Farce fanatics (you know who you are) should hie themselves hence to Oak Brook for Paul Slade Smith's blissfully nonsensical comedy about a sting operation gone — wait for it — awry. If you're not a fan of the genre, well, the title alone should be enough to warn you what you're in for and you can stop reading here.
Smith, a onetime Chicagoan, has had productions of "Unnecessary Farce" all over the U.S., as well as in Europe and Australia, but Alison C. Vesely's staging for First Folio Theatre marks the area premiere. It's a comic mystery why a local producer with crowd-pleasing sensibilities hasn't picked up on this 2006 show (which premiered at Michigan's now-defunct BoarsHead Theater) earlier. The production captures Smith's so-dumb-it's-delightful sweet spot in this portrait of two inept cops sent to entrap the town mayor (who is suspected of embezzling from the municipal budget) with the help of a comely female accountant.
Set in mirror-image rooms of a cheap chain motel (Angela Miller's picture-perfect set keeps the crucial door-slamming action smooth), the action opens with Kevin McKillip's Officer Eric Sheridan struggling to get into his clothes while juggling a phone call from the never-seen "chief" who has sent Sheridan and his female partner, Officer Billie Dwyer (the magnificent Erin Noel Grennan), out on the operation. A video camera in the adjacent room will capture the sting and serve as its own plot device. But shy Sheridan has tongue-tied romantic designs on accountant Karen (Molly Glynn), while the mayor's bodyguard, Agent Frank (Raymond Fox), has his own conflicted agenda. Toss in a fearsome enforcer with a taste for bagpipes (Joe Foust) and things go into the usual tailspin of mistaken identities, hyperactive plot twists, and bedroom romps that are not what they appear to be.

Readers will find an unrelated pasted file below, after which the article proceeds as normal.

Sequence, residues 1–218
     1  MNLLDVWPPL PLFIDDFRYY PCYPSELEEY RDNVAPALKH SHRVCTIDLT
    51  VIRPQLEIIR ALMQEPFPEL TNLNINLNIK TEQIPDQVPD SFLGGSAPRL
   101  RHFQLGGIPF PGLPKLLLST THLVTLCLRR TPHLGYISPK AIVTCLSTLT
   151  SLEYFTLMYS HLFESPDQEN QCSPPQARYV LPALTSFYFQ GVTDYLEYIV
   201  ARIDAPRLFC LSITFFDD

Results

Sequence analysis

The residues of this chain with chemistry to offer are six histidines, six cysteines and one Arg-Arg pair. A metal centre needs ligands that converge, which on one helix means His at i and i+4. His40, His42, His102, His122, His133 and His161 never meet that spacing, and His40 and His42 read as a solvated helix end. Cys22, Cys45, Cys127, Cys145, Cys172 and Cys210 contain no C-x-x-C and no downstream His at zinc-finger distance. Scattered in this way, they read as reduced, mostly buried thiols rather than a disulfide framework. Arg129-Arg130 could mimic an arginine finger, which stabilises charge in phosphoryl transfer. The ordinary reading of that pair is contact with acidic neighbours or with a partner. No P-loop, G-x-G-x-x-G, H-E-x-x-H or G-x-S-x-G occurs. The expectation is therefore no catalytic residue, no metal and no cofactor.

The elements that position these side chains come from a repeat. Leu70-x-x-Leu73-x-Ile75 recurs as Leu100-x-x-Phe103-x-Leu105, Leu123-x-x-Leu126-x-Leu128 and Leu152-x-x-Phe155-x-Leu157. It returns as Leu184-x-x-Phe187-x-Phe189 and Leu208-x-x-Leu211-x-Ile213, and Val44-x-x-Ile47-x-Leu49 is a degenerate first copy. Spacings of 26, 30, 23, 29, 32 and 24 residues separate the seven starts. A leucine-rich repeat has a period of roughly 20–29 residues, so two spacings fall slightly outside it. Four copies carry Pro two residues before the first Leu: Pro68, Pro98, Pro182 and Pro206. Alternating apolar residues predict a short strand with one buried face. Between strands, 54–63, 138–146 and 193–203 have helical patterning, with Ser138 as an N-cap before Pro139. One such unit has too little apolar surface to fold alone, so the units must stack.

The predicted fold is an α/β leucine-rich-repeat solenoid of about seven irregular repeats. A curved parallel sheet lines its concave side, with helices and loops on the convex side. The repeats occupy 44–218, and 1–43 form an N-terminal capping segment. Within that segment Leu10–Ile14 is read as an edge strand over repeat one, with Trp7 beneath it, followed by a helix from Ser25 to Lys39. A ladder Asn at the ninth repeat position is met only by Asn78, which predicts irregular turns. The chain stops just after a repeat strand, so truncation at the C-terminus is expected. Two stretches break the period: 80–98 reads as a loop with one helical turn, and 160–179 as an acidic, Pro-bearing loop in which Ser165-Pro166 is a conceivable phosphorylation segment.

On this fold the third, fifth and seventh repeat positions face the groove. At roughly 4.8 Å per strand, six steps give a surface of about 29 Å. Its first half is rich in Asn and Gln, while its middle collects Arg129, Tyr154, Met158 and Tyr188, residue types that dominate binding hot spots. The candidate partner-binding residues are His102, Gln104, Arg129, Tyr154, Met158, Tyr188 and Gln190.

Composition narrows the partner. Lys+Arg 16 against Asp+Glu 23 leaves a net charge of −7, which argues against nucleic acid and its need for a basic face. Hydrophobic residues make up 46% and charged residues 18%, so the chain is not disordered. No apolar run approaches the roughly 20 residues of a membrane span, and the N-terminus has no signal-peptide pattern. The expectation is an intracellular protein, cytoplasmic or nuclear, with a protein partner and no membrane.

Brainy fare this isn't — but I've come to appreciate just how damnably difficult it can be to get this kind of theatrical souffle to the table without one too many door-slams deflating the entire enterprise. Vesely has picked some of the smartest actors around for this high-spirited goof.
McKillip's rubbery physique and deer-in-headlights countenance mesh beautifully with Grennan's Billie (Grennan originated the role at BoarsHead), who shows unexpected pluck despite her seemingly career-killing phobias about guns and enclosed spaces. Just watching Grennan's face (mid-doughnut bite, natch) as she observes unexpected developments on the video monitor offers a master class in nonverbal comic reaction. Fox, on loan from Lookingglass Theatre, gets a chance to show off broad chops I've not seen from him before, and Dale Benson as Mayor Meekly brings a touch of Henry Gibson's otherwordly fey charm to his confused civil servant. To say too much about Foust's best moments would probably wreck the joy of discovering them on your own.
Smith works in one or two theatrical meta moments. While watching Sheridan and Karen's assignation on camera, under the impression that it's a naughty adult film, Benson's mayor observes, "People running in and out of rooms taking off their clothes — that hardly passes for a plot." There are a few wheel-spinning moments, but in the main, this is a show that's unafraid to strip down to its silly undergarments to deliver uncomplicated laughs in a complicated setting.
When: Through March 4
Where: First Folio Theatre at Mayslake Peabody Estate, 31st Street and Illinois Highway 83, Oak Brook
Running time: 2 hours
Tickets: $30-$37 at 630-986-8067 and firstfolio.orgCopyright © 2015, The Baltimore Sun